coal gasification

A Legislative Committee had lots of questions during its meeting this week for Linc Energy. That company has plans for an underground coal gasification test project near the town of Wright. If it moves forward, it would be the first such project in the United States in decades. 

Many of the legislators’ questions echoed those that have been raised before, from the impacts of the process on water quality to the possibility of sinkholes.

Wyoming Governor Matt Mead says the plan by the Environmental Protection Agency to require carbon pollution limits on new power plants is too limited and hurts the state’s economy.  During a news conference, Mead was critical of the E-P-A for not following Wyoming’s lead and look at ways to develop clean coal technology.

“I think everybody should have an interest in how we do it in the most environmentally friendly way possible, but when you set a standard that nobody has done yet…to me it looks like you are just shutting off coal completely.”

It was standing room only at the Wright Public Library last night as residents packed into a hearing about a nearby project that would burn coal seams underground to produce synthesis gas or syngas.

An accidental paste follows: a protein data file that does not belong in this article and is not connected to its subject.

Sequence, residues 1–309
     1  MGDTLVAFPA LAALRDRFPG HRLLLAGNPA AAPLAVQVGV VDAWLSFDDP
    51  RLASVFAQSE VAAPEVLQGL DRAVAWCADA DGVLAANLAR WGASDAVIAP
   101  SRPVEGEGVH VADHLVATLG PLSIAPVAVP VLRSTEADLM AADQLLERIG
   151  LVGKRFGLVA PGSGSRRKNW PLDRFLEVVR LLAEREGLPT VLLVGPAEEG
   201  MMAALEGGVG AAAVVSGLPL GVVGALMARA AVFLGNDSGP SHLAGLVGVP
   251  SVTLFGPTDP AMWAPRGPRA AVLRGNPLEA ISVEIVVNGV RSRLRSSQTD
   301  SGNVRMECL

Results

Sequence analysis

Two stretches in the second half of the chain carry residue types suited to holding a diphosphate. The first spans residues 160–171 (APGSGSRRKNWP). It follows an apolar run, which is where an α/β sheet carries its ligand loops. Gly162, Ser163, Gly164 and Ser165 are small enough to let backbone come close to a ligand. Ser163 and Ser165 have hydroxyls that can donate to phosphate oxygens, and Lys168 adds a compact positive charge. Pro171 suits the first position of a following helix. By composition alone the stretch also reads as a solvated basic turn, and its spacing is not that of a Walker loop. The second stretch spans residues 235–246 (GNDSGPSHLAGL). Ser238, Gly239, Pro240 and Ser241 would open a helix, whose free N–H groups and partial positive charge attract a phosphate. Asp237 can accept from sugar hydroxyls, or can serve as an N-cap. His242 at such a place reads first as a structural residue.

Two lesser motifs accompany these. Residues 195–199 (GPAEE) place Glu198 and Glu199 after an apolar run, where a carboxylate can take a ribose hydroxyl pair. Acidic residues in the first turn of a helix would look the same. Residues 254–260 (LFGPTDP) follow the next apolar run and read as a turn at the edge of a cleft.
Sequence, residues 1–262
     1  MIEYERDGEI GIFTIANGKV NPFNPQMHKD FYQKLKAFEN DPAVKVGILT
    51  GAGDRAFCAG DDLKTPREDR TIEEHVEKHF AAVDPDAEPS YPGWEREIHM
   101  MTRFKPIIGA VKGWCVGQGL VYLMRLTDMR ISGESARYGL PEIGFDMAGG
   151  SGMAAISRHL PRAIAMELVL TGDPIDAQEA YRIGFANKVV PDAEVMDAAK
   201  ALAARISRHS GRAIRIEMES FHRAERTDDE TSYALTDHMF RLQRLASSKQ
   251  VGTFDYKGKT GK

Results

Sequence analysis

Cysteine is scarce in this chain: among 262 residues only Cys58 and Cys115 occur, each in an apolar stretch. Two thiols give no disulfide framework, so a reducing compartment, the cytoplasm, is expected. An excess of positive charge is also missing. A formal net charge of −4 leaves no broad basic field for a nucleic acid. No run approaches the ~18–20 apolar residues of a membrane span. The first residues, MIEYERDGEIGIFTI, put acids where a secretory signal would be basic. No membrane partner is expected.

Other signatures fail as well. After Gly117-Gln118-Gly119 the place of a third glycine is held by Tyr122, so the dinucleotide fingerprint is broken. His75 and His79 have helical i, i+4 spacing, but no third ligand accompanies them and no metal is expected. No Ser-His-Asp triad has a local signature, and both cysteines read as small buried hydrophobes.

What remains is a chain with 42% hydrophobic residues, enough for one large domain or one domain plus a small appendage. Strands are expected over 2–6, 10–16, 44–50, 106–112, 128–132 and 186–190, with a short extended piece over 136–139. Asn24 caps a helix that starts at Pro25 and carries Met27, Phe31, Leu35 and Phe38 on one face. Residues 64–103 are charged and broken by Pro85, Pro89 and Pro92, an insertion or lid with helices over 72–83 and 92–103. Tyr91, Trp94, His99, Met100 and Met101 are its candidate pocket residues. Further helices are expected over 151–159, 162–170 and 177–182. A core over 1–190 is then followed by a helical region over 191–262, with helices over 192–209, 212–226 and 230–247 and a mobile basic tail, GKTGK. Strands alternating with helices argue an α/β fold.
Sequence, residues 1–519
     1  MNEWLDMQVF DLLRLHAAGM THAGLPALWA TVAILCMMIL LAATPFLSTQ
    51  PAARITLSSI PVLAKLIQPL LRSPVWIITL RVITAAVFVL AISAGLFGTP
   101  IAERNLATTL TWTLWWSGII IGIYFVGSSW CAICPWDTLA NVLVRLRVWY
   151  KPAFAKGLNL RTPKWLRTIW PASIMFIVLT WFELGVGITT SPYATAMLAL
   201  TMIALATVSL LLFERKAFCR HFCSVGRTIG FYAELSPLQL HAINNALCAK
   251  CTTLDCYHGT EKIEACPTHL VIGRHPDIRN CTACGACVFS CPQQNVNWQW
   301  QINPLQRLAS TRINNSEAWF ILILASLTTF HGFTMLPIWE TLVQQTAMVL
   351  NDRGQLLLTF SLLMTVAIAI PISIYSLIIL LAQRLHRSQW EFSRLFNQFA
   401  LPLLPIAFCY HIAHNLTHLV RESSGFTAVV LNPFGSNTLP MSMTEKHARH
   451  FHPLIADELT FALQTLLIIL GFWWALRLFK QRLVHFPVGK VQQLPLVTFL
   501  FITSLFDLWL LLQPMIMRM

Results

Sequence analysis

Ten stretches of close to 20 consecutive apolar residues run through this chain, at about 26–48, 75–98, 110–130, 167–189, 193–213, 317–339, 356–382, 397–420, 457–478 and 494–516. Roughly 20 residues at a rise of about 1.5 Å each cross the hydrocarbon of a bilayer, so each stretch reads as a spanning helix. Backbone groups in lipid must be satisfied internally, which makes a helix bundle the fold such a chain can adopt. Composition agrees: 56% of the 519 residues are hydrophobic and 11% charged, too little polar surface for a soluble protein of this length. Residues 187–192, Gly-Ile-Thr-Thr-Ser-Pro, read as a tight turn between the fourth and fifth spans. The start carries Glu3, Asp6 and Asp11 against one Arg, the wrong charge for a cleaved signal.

Linc Energy’s proposed underground coal gasification project has been in the works for years, but from the public testimony, many Wright residents were hearing about it for the first time. And they had lots of questions about the process, which has never been developed commercially.

A new US Geological Survey study says that only a small percentage of coal in the Powder River Basin is cost-effective to mine in the current market. According to the USGS, there are more than one trillion tons of coal present in the Basin, of which 162 billion tons could technically be recovered. Of that, it would only be economically viable to mine about 25 billion tons in today’s market.

Project Chief for the US Coal Assessment Program, Jim Luppens, says new geologic data made the study possible.

The Carbon County Commission has approved
resolutions supporting a Texas company's plan to issue $545 million
in bonds to help fund construction of a planned $2 billion
coal-to-gasoline plant.
     The commission unanimously endorsed issuing $300-million in industrial
development bonds and $245 million in tax exempt bonds.
     DKRW officials have asked the State of Wyoming to purchase the
$300-million bond issue. The $245-million bond issue would be sold
on the open market.